No, the Brunka don’t frolic around the jungle wearing loincloths, González explains in good humor, air-drawing a triangular flap over his jeans. Although their cultural lifestyle may be simpler, the majority of Brunka people wear modern clothing, have healthcare, education, and basic amenities like phones and Internet.

To right another wrong, González’s native tribe is traditionally called Brunka. When the Spaniards arrived in 1502, their mispronunciation of the tribal name haphazardly christened this indigenous group the Boruca people.

During the 150 years that the indigenous people warred with the Spaniards, the count of the misnamed and maltreated tribes tapered as a result of disease and religious conversion. This partial destruction of González’s ancestors made safeguarding language, traditions, and lifestyles strenuous.

“What really surprised and scared me was the attitude of the government…[the indigenous] don’t have a strong representation,” LACSI student Benjamin Colclough noted. “I feel as though the apathy of the state could cost these people their culture someday.”

Today, 2.4 percent of the current Costa Rican population is indigenous.

Only 10 members that speak the Brunka language fluently remain.

“It was hard to listen to the ways his people struggled to maintain their true identity because they were told by someone else to change it,” LACSI student Bryant Anthony reflected on the cultural repression suffered by the Brunka people.

Although the Spaniard conquistadors have gone, in recent years new problems have encroached. Unplanned tourism has been leading to commercialization and modernization. With that comes an advance in infrastructure, impinging on indigenous territories. Education is a plus; however, often the educational systems don’t benefit or include Brunka culture. This conglomeration ultimately affects indigenous consciousness, as it fades into western thinking.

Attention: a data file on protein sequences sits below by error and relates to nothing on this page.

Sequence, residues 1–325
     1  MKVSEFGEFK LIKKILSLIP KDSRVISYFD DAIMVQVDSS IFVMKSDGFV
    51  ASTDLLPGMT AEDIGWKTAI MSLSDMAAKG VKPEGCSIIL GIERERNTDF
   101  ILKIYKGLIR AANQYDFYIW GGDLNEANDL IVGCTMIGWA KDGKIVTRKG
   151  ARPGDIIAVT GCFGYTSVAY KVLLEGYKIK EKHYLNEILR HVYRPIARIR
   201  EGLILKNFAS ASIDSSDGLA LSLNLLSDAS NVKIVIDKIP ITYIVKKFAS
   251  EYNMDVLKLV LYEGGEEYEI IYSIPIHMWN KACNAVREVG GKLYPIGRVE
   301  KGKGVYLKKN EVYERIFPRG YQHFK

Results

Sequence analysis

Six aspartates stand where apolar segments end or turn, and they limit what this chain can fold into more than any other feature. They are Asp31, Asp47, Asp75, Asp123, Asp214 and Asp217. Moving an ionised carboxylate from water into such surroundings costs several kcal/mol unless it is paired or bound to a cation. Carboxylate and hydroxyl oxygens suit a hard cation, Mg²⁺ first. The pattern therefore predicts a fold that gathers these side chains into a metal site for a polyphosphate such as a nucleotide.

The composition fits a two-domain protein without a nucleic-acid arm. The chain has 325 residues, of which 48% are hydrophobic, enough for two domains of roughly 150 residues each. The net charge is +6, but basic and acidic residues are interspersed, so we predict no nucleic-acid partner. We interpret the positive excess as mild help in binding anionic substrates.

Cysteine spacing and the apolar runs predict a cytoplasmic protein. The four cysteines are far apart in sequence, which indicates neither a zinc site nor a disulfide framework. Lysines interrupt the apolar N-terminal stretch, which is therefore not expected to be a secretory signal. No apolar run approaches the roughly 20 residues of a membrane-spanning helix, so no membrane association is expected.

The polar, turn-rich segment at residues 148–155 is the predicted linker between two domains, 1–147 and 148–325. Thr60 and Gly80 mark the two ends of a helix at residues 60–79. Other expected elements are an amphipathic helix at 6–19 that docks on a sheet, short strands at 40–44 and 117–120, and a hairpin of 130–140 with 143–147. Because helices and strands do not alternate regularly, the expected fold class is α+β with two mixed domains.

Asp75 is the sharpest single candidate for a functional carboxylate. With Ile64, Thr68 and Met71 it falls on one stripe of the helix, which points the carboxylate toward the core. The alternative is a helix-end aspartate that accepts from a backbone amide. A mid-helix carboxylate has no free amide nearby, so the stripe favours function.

But González’s message comes with a positive twist: even with these modern obstacles, the culture persists.

What moved student Shannon Griffiths the most was learning that “some of the younger generation wants to help preserve their traditional art techniques by learning form elders.”

Reflecting on the opportunity, as part of their time in Costa Rica, to listen to a university student and Brunka community member share his story, LACSI student Collin Partain said, “It’s not everyday that you get to learn about indigenous cultures. So often cultures that fit outside the mainstream culture go unnoticed, yet these cultures often have some of the most interesting tales to tell.”

“Cristhian´s visit adds diversity to the students´ experience with Costa Rican culture,”